Aileen Reid left Baku on Saturday disappointed but not completely down-hearted as her dream of an inaugural European Games medal went astray.
Reid entered Baku 2015 as the highest-ranked European on the world rankings, but the race never really got going for the Derry woman who finished sixth.
It took place away from the main cluster of Baku venues on Bilgah Beach and noticeably short of spectators on the looping cut-back course.
"I prepared properly for these Games and I was feeling good," explained Reid, having shown solid consistency in the world-series since starting slowly early this year and taking fourth at the London grand prix two weeks ago.
"I was expecting higher than sixth, but I don't feel sorry about not finishing first because I did my best and I came in the top 10."
Reid attempted to play down the favourite's tag last week, and pointed to returning Olympic gold and silver medallist Nicola Spirig (Switzerland) and Lisa Norden (Sweden) as top-calibre opponents.
She allowed Norden, Spirig and Holland's Rachel Klammer (World No 12) to get away during the 40-kilometre cycle.
The large chasing pack never looked like reeling them in, and Reid found herself fourth at the final transition into the race section, two minutes off the leading trio.
While running is Reid's strongest suit, she was off-colour on Saturday morning, and she fell back to seventh place in the first lap, before finishing sixth in 2:03.58, three and a half minutes behind Spirig.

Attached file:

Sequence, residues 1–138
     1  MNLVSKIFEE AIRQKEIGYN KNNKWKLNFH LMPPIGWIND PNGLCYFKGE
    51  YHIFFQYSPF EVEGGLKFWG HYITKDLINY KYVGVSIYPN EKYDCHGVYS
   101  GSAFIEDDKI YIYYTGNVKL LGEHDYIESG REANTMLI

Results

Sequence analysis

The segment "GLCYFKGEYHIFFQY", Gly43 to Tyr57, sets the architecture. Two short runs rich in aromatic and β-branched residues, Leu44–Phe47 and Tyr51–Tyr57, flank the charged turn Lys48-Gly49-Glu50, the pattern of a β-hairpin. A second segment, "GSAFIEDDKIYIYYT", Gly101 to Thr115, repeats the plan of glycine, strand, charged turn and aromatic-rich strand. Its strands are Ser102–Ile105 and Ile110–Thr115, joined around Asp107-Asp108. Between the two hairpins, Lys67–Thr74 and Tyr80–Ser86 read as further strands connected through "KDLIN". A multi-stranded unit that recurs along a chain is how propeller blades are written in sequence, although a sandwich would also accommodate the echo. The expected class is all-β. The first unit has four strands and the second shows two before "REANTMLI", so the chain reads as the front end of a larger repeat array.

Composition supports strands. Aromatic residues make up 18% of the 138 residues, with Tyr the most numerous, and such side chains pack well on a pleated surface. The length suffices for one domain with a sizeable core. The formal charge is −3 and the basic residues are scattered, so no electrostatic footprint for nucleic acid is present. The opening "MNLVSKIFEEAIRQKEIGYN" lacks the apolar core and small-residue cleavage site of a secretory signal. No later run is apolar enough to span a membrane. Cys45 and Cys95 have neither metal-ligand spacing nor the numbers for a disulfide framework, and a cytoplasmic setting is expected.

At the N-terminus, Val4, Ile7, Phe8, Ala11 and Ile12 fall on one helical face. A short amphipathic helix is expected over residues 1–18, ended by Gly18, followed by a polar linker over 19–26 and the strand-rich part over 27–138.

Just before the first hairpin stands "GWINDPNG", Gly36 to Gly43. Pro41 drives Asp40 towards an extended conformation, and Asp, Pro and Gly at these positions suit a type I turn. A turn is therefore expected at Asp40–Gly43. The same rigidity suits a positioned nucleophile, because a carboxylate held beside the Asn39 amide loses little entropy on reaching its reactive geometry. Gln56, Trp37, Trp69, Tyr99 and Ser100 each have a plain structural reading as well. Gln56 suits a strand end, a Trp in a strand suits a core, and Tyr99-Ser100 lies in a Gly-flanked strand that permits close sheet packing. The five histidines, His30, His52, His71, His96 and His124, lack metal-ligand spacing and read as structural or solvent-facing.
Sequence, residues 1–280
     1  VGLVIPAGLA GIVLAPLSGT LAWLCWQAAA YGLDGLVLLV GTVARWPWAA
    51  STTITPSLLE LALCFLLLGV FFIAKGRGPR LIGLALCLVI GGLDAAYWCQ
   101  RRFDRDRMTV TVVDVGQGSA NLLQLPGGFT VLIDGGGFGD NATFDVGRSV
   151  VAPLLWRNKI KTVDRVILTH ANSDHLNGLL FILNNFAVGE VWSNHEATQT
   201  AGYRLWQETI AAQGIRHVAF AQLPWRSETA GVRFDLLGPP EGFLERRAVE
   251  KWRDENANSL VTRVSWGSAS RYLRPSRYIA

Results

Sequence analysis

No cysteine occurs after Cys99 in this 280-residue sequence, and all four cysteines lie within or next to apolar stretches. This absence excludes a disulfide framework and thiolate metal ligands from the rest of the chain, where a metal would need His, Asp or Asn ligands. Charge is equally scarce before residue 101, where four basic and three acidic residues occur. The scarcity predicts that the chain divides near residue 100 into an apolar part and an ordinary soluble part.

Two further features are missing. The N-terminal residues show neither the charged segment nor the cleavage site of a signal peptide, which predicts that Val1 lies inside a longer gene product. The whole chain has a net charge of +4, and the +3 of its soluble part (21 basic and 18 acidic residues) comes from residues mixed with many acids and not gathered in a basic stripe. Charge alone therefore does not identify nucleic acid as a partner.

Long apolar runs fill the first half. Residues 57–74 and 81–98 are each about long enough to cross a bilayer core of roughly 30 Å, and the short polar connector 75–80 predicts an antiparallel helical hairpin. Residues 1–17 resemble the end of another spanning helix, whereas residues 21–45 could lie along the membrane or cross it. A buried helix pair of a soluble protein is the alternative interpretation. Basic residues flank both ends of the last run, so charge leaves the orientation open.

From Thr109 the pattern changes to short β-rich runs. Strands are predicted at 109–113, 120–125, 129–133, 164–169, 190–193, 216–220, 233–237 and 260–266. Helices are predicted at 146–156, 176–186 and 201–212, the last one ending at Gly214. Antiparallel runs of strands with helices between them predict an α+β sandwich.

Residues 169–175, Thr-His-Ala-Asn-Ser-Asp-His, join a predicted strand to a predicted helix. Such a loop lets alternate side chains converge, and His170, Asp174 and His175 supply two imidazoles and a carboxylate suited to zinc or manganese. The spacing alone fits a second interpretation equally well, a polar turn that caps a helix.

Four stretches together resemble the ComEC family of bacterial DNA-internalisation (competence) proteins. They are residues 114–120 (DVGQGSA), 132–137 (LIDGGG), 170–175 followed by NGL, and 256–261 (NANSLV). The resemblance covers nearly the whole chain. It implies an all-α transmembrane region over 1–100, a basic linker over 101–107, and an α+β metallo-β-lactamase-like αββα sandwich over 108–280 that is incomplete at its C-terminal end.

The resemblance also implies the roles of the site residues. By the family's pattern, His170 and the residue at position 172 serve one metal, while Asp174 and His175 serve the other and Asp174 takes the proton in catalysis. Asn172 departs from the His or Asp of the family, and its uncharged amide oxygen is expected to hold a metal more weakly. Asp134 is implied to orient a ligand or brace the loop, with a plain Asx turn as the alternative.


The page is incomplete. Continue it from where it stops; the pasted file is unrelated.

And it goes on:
Klammer edged Norden for the silver medal.
Reid refused to blame the conditions for her underperformance.
"It was windy and wavy, but that is part of the race and I enjoyed it," she said.
As Baku flies under the Olympic banner, these new games bring with them their share of Olympic heartbreak for Irish athletes, with Limerick man Aaron O'Brien failing to finish in the men's event yesterday.
The 20-year-old had completed the one-and-a-half kilometre swim in 20 minutes and 16 seconds, coming out of the water in 44th place, progressing further during the cycling transition up to 25th.
O'Brien pushed hard in his second of six bike laps, shaving nearly 100 seconds off his initial effort, but he paid for the impact, dropping back down to plus-10 minute laps after half of the cycle.
The 20-year-old's determination to break into the upper categories of a sport which enters its fifth Olympic games in Rio next year was evident to see, though the gruelling heat and hard work took its toll.
O'Brien stepped off the course early in the run section having transitioned from bike to run holding 47th place, five minutes and 19 seconds behind the leading group.